Comments:
Hrguig
I finally got around to reading Barbara Walters's book AUDITION: A MEMOIR and I really enjoyed it.

Not only does Walters go into her personal life history as she deals with a mentally handicapped sister, her father's constant gambling with the family's finances, making a fortune at first and then losing and regaining it over and over until his luck finally runs out, but she also goes into how she got her start in journalism and what it was like being a woman, forging ahead, in what was a very male-dominated industry.

She goes into her time beginning as a script writer and then "weather girl" and finally offered a small on-screen position at NBC. It took quite awhile before she was allowed the title of "co-host" even though technically she was doing the same amount of work (if not more so) as her male counterparts, and even when she got the title it was only in name alone: no pay raise, no fringe benefits, nothing special. It would take more time, not to mention hosting, writing and producing a separate TV show in addition to her co-hosting news duties (at NBC), before Walters would make the move to ABC and the $1-Million contract, which wasn't just for her co-hosting the ABC NIGHTLY NEWS program, and how she met resistance every step of the way.

It comes up to the present day and also discusses the very well publicized issues that happened on "The View," with co-hosts Star Jones sudden on-air speech about quitting, and the very public feud between Rosie O'Donnell and Elisabeth Hasslebeck.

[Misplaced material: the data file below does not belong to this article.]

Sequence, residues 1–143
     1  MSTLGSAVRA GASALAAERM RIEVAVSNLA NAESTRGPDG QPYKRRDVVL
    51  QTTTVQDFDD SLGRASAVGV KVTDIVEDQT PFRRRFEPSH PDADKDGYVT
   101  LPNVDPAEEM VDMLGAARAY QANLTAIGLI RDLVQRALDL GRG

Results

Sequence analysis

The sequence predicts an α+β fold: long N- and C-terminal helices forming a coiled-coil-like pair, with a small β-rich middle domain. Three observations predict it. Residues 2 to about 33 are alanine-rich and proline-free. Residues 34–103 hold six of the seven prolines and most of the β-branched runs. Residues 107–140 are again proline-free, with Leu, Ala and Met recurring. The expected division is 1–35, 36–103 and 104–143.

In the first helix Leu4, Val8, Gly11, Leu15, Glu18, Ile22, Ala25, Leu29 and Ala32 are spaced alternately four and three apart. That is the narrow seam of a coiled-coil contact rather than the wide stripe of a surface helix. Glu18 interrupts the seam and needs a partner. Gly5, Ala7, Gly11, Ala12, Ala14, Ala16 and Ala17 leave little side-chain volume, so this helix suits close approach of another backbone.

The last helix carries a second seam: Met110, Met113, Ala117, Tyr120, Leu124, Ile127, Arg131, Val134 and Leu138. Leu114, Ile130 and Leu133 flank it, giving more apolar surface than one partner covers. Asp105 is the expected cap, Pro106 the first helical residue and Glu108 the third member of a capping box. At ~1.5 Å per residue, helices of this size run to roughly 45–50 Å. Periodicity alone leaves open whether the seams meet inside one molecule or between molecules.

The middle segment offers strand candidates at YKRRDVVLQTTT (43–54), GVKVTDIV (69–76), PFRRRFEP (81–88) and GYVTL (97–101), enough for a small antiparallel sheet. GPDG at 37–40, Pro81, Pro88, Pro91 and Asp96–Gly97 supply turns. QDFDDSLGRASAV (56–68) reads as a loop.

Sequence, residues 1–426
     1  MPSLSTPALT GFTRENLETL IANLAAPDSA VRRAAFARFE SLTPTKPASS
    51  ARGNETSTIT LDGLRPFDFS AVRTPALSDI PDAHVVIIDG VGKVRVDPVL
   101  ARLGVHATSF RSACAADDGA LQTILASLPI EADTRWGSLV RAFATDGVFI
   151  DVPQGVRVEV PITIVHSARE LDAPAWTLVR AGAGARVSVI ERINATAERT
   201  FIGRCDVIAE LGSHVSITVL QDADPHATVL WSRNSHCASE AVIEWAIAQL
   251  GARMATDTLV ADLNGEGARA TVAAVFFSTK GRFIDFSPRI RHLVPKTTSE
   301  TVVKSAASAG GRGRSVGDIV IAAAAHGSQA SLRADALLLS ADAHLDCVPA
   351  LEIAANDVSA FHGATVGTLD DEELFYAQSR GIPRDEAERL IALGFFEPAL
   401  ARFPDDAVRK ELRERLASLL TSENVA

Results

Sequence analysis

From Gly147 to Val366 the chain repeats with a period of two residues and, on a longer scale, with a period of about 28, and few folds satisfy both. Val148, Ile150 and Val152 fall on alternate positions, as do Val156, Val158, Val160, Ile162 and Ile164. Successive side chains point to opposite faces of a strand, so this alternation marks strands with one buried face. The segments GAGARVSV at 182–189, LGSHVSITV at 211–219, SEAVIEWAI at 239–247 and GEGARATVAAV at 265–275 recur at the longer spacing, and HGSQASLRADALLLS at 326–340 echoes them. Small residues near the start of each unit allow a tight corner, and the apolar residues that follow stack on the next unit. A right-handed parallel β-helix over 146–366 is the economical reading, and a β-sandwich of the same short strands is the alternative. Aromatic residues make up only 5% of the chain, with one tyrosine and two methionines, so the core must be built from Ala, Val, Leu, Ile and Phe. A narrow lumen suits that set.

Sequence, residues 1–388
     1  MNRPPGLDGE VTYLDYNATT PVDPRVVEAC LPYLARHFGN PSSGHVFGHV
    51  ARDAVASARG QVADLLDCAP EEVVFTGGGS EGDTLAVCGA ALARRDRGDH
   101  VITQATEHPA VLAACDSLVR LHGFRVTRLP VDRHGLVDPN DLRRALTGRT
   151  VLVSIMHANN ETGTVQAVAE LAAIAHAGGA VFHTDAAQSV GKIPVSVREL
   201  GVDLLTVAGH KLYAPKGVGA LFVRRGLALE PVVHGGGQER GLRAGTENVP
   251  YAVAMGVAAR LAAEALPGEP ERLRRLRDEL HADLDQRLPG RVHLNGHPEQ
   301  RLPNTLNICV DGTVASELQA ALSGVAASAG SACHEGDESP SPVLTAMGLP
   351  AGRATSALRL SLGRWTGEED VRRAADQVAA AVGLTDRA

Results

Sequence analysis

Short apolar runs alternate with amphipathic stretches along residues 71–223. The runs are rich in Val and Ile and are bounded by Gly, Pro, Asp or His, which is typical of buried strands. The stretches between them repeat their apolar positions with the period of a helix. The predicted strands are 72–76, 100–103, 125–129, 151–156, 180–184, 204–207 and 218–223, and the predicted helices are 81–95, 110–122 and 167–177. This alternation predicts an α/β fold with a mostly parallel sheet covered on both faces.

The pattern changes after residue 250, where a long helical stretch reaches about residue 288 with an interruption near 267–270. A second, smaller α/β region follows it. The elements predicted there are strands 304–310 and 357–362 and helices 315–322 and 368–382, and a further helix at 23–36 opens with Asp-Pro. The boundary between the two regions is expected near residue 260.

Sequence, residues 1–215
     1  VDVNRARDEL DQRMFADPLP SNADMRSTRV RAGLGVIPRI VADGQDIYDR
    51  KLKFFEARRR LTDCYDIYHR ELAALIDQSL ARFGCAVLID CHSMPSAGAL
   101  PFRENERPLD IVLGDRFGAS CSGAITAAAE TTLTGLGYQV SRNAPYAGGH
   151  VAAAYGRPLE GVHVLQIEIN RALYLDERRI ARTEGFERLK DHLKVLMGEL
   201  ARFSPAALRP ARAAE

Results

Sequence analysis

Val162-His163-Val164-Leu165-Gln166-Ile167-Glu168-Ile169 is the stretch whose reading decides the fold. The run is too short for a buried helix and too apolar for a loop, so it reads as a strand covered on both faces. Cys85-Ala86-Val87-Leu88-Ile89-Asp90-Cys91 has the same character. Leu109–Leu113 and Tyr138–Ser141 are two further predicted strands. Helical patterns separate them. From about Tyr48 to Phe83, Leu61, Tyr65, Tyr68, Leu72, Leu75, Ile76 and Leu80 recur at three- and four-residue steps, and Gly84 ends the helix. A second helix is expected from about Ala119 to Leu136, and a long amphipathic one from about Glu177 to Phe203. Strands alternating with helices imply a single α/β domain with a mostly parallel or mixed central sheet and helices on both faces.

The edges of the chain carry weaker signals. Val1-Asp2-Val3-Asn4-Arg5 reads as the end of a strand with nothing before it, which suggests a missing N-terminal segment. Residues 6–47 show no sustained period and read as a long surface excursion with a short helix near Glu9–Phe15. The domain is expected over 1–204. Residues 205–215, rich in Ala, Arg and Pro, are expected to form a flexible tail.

Another great thing about the book is Walters recounts many of the things she found fascinating about the people she has interviewed over the years, including politicians and celebrities. And even though there are interesting tidbits of information it isn't anything that would come off as rabid gossip or blabber-mouthing or even character assassination. Walters keeps it dignified and classy.

The book has a very strong conversational tone, which I'm sure comes from her background of writing news-script copy, so it's as if someone is telling you a story that has digressions, jokes, etc., and I never found it boring.

Some would criticize Barbara Walters as being a "fluff" piece interviewer, asking softball questions, but I disagree. She has been able to (even to this day) secure interviews with people others cannot AND she's able to ask -- and get answered -- the questions that are the most personal of her subjects, but that the audience wants to know. And she does it without being overtly confrontational, condescending, or un-natural. This talent is what allowed her to climb to the position that she's in and why so many tuned in to watch her be it on "Today," "ABC Nightly News," "20/20" etc., and why many people come to her wanting to tell their stories.

The book has black & white photos.